TR2008-028%20-%20Literature%20Review%20of%20Organic%20Chemicals%20of%20Emerging%20Environmental%20Co
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TR2008-028%20-%20Literature%20Review%20of%20Organic%20Chemicals%20of%20Emerging%20Environmental%20Co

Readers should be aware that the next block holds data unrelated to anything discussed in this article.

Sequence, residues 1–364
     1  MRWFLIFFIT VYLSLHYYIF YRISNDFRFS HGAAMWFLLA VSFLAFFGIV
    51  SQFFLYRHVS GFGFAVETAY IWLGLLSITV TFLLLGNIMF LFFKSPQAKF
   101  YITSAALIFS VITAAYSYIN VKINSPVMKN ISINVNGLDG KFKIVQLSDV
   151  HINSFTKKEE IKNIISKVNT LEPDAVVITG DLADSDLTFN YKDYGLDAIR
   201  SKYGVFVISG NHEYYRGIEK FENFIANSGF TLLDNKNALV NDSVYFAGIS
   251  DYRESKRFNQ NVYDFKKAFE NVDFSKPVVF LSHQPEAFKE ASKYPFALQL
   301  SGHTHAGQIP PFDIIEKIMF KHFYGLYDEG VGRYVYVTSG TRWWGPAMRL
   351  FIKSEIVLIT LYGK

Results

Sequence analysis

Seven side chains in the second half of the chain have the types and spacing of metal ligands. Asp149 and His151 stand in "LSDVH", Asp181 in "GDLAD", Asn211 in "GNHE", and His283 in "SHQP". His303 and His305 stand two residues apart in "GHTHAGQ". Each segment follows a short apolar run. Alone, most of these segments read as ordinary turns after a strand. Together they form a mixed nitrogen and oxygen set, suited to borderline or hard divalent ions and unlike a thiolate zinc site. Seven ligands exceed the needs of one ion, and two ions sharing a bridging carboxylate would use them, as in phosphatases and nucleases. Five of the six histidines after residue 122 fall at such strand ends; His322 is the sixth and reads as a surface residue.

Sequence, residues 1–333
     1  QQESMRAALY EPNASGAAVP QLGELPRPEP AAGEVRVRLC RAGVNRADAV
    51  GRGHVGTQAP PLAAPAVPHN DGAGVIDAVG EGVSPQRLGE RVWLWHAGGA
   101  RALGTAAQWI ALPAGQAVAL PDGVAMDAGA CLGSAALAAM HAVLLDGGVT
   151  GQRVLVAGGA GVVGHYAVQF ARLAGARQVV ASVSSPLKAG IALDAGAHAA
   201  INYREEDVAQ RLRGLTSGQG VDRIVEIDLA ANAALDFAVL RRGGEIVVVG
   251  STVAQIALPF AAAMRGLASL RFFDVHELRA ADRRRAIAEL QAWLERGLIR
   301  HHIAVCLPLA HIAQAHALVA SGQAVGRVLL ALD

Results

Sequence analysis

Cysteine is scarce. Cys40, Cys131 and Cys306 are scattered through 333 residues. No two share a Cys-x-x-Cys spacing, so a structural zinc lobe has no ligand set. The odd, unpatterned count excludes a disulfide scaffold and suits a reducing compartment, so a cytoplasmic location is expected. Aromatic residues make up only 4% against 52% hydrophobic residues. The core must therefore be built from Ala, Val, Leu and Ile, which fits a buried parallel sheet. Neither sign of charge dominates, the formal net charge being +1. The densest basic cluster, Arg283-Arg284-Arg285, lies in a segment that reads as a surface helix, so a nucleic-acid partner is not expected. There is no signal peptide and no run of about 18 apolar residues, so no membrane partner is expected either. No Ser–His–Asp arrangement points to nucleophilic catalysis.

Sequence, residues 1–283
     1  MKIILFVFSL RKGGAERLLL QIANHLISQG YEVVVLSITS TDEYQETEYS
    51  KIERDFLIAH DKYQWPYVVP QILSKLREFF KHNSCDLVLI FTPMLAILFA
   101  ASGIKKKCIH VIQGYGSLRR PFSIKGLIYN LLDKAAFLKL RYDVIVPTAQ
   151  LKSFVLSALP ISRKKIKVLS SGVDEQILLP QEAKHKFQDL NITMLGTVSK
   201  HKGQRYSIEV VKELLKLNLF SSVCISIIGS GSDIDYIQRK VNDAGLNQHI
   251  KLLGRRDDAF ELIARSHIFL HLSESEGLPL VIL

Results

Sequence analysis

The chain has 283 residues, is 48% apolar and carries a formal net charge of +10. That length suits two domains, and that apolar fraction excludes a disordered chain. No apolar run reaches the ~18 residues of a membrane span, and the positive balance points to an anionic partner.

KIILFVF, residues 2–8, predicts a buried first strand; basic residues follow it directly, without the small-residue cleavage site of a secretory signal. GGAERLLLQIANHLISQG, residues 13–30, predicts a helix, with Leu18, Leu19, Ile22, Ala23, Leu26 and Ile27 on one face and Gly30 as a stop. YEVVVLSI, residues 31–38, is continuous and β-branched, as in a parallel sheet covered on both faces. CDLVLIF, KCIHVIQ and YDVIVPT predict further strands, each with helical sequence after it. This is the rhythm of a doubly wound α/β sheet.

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Literature Review of Organic Chemicals of Emerging Environmental Concern in Use in Auckland December TR 2008/028 Auckland Regional Council Technical Report No.028 December 2008 ISSN 1179-0504 (Print) ISSN 1179-0512 (Online) ISBN 978-1-877483-69-1 Technical Report, first edition Reviewed by: Approved for ARC publication by: Name: Position: Judy-Ann Ansen Team Leader Stormwater Action Team Organisation:...